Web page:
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If you’ve arranged for a caregiver to provide care for an aging, ailing relative, you might be overlooking tax breaks that could help cut costs. “It’s definitely missed a lot,” says Steve Dickey, co-owner of a Visiting Angels franchise in
Fredericksburg, Va. and a former H&R Blockexecutive, noting that he puts out an annual reminder to client families not to overlook a possible tax deduction for caregiving costs. Whether families contract with a caregiver service provider like Visiting Angels or hire an independent caregiver, the basic rules for snagging a deduction are the same. Here’s how it works.
Caregiver expenses can be deductible as medical expenses. That’s where the confusion starts. You might think caregiving is always a nondeductible personal expense, not a deductible medical expense, says Saul Brenner, a CPA with Berdon in New York City. But if a son hires a caregiver to take care of mom’s needs–reminding her when to take her meds, cooking a healthy meal, helping her bathe—then you may have the ability to get the deduction.
“There are pitfalls,” Brenner warns. (The biggest caveat: To the extent you have medical or long-term care insurance that covers these expenses, you can’t double dip and get a deduction too.) Then there’s an A and a B you have to meet. The person being cared for has to be considered chronically ill—that could be a diagnosis of dementia—and a licensed health care practitioner has to prescribe a plan of care. “You can’t just do it on your own, and argue that Aunt Jane needed to be watched,” Brenner says. “You’ve got to bring the relative to a physician and say, ‘We need you to prescribe a plan of care for our relative.’”
And there’s the medical expense deduction threshold. Medical expenses are deductible only to folks who itemize, and then only to the extent that the expenses exceed 7.5% of your adjusted gross income. As folks age and their out-of-pocket medical expenses go up, they are more likely to meet this threshold. What counts as caregiving expenses is pretty expansive: wages, employment taxes, meals, even utilities and rent for a larger apartment needed to house a live-in caregiver. If needed for a current condition, renovations to make your home accessiblecan also count towards the medical expenses deduction. So the dollars can really add up.
Example: In a recent case, Estate of Baral, the U.S. Tax Court ruled that $50,000 a 92-year-old Queens, N.Y. woman, Lillian Baral, paid to two in-home caregivers in the last year of her life counted as qualifying medical deduction expenses. The caregivers helped the woman with bathing, dressing, trips to the doctor, taking medications and transferring her to a wheelchair. Her doctor had diagnosed her with dementia, requiring assistance and supervision 24 hours a day for medical reasons, as well as for her safety. Baral had adjusted gross income of $94,229 so she [technically her estate] was allowed a deduction of $43,273, the amount paid for medical care that exceeds $7,067 (7.5% of her AGI). Baral wasn’t handling her own finances—she had given financial power of attorney to her brother who lived in Washington, D.C.—but he was paying for her care with her savings.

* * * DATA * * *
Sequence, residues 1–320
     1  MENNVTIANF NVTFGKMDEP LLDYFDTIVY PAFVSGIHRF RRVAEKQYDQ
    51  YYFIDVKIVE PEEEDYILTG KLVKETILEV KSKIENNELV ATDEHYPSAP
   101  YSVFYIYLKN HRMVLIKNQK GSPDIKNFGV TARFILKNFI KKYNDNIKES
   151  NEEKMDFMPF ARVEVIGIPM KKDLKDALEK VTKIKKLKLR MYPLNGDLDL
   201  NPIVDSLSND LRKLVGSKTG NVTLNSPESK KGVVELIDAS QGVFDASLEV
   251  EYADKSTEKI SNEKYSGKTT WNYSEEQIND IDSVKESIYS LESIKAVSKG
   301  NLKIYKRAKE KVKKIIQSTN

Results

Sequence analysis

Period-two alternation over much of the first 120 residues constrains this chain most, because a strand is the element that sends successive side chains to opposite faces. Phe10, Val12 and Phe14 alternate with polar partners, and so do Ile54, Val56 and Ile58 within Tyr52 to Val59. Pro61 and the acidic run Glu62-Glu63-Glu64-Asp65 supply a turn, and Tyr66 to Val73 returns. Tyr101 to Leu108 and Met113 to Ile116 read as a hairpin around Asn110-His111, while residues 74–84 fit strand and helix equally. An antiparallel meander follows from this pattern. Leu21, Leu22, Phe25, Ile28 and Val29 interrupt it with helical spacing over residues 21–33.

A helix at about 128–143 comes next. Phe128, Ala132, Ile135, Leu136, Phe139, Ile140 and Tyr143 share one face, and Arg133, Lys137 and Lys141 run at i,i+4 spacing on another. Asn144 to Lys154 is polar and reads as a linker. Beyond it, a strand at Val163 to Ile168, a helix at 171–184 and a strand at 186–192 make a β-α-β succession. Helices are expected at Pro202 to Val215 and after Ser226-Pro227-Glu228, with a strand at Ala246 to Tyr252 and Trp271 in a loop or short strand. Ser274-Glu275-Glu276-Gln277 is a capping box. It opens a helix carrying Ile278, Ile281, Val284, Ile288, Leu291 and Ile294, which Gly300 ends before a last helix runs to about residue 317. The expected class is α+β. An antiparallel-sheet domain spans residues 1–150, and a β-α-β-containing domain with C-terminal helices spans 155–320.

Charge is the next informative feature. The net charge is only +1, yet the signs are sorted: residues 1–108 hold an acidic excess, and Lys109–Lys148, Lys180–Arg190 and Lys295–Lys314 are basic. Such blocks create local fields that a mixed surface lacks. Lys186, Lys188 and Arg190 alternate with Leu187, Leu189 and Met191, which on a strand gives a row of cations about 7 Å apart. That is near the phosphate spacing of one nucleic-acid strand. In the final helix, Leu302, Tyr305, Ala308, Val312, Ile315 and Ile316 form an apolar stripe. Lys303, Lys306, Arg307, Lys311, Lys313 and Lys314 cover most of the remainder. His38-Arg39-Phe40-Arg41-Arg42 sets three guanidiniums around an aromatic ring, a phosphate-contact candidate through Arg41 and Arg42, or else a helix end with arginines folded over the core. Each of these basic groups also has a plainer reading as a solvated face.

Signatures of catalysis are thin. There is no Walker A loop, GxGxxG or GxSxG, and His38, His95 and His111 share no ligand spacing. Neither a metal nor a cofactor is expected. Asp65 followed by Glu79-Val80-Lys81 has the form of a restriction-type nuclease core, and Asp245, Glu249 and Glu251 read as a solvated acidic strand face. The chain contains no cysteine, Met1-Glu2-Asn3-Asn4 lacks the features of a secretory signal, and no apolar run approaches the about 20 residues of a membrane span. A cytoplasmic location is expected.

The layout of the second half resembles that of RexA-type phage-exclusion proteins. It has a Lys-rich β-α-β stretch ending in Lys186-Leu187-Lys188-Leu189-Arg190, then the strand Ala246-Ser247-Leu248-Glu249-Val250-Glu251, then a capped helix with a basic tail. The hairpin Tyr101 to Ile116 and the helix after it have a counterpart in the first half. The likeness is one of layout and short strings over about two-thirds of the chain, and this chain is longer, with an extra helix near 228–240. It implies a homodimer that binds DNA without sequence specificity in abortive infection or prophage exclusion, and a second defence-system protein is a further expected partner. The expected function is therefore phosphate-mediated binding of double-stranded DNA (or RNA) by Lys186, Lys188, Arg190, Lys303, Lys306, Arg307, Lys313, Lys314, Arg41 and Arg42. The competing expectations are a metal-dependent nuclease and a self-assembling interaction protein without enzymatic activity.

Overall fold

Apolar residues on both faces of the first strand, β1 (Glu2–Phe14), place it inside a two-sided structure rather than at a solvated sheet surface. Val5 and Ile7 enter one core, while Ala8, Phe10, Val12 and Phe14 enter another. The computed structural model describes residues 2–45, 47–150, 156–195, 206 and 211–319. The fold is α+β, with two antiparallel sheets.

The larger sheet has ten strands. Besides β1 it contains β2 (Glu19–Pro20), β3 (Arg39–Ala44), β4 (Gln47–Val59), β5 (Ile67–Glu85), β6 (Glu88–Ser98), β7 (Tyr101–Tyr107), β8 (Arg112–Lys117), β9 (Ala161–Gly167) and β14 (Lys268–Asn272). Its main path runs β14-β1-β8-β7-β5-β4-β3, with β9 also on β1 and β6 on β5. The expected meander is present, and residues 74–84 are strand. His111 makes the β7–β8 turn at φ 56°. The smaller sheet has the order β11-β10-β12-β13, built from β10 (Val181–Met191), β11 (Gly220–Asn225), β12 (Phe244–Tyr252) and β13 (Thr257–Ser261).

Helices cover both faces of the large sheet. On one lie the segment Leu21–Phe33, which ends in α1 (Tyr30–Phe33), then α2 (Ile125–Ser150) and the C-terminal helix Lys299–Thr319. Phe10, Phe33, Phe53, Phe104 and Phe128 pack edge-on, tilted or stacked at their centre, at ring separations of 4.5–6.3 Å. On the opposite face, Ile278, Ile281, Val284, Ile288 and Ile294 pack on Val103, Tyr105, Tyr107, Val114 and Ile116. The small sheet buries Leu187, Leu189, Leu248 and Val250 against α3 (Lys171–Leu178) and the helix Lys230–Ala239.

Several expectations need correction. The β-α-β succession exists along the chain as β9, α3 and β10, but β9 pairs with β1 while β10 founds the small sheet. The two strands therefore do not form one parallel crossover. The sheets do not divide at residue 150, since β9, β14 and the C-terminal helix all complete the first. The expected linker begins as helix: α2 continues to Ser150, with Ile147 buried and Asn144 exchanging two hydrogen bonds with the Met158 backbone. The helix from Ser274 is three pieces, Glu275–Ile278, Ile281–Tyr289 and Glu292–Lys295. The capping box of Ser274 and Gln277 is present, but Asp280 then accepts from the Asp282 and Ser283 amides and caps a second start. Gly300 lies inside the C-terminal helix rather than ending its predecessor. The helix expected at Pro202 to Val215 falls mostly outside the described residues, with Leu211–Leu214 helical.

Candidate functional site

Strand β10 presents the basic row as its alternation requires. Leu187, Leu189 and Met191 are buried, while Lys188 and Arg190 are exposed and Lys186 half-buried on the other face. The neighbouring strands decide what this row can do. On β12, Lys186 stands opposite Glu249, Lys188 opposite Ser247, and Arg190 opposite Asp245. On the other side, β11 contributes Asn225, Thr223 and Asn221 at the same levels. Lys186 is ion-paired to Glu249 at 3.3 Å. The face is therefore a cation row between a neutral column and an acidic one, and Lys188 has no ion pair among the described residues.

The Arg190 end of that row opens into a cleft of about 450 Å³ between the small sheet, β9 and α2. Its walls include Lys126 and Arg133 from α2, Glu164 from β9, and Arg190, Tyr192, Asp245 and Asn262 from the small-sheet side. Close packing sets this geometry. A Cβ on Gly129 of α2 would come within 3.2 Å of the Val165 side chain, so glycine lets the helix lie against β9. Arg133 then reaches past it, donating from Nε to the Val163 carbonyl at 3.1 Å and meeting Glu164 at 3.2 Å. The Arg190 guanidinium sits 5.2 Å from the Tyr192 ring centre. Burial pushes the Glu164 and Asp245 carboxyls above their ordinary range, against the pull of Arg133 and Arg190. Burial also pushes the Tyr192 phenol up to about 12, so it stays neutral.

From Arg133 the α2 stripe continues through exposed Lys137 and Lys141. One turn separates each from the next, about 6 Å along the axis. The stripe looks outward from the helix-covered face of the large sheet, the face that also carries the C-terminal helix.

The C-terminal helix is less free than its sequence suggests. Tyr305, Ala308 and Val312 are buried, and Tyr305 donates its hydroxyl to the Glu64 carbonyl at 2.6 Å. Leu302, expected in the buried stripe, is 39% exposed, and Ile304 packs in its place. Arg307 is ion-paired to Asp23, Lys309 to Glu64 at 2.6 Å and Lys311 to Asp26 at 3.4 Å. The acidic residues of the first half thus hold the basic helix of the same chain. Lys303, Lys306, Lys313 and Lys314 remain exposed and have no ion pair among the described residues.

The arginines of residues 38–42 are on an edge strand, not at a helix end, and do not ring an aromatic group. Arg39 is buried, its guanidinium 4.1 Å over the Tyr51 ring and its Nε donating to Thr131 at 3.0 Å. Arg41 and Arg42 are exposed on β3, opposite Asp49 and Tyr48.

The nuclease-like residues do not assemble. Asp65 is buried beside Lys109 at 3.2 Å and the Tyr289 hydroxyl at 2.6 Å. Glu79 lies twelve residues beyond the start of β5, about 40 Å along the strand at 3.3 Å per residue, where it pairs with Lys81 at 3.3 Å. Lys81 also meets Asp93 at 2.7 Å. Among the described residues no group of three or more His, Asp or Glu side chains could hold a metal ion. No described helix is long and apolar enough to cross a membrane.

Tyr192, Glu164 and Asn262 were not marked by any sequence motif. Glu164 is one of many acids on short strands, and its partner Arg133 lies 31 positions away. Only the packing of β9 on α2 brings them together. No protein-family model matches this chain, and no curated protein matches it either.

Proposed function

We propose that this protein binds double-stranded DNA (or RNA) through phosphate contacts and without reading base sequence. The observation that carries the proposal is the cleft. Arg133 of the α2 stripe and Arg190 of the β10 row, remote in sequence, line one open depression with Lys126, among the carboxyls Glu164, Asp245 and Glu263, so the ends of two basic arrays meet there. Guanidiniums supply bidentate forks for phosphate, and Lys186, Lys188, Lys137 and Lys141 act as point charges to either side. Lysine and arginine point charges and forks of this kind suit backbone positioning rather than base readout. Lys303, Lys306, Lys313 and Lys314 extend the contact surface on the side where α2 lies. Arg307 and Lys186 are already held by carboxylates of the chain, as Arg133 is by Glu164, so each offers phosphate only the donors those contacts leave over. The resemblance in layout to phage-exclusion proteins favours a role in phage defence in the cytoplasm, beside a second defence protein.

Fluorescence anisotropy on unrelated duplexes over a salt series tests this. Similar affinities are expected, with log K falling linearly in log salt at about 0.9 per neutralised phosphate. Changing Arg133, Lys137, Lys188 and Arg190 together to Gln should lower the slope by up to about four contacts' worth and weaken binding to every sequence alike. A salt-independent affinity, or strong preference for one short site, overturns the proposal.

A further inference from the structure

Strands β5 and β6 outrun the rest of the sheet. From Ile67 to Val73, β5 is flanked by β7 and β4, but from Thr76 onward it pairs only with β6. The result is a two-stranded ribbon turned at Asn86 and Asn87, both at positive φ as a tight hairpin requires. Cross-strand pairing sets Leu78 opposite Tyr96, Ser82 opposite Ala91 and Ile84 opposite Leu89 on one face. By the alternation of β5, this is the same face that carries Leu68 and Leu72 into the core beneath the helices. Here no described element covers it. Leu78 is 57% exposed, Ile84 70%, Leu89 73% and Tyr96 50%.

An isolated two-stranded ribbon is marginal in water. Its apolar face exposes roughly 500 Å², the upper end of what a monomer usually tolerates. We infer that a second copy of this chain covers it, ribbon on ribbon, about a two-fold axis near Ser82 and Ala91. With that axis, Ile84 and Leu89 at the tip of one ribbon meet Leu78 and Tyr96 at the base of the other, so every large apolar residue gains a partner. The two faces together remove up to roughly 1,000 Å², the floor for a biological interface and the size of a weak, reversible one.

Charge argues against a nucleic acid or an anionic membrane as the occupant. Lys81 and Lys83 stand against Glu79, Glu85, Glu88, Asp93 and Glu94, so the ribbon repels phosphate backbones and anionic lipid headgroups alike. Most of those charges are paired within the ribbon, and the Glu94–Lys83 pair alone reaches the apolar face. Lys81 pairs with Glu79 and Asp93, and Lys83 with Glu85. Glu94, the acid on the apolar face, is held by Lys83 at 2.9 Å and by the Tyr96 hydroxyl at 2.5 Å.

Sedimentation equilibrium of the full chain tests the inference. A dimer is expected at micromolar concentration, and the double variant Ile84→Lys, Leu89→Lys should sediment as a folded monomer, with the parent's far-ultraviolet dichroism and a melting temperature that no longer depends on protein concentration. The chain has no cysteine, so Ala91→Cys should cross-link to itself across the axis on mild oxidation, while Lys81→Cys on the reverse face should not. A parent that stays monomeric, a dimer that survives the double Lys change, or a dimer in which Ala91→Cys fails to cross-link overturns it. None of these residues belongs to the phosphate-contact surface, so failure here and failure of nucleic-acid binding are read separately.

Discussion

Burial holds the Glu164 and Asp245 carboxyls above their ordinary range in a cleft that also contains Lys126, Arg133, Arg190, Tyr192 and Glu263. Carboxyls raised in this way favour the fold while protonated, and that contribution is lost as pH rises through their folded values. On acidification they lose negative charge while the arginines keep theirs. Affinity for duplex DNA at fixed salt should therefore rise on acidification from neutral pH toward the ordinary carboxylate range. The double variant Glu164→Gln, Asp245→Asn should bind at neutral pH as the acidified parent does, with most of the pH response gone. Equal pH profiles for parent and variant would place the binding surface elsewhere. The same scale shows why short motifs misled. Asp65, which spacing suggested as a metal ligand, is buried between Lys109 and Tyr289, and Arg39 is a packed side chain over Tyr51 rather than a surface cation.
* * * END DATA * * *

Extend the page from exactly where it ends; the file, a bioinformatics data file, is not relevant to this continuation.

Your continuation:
What if mom’s kids are paying for her care? If an adult child, say a son, paying for mom’s care pays for more than one-half of her support (total living costs), he may be able to claim her has a dependent on his tax return. That in turn also means he can deduct medical expenses for mom, including caregiving expenses, assuming the expenses are over the 7.5% floor of his adjusted gross income.
Another option: if his employer offers one, the son could open up a flexible savings account for dependent care (mom would have to be his dependent and live in his house for at least half the year). You can put in $5,000 pretax salary each year to pay for eligible dependent care expenses incurred that year. Typically these accounts are used for expenses for paying someone to watch your kids while you work, but they can work for “sitting” services for mom too. If you’re in the 40% combined federal and state income tax bracket, it’s like saving $2,000. There’s also the federal dependent care tax credit, but for high-income earners, the FSA gives you a bigger break.
Tricky stuff, and there are even more options. Some savvy boomers are starting to save for expected out-of-pocket healthcare expenses in retirement by stashing money into pretax health savings accounts as a tax-savvy way to prefund a healthcare retirement nest egg. Others are buying long-term care insurance and taking advantage of the fact that long-term care insurance premiums can be tax deductible. Having dealt with end-of-life care issues with his late father, Brenner notes that it doesn’t take long to spend a significant amount of money, so it pays to study up on the tax breaks now to plan for the future.
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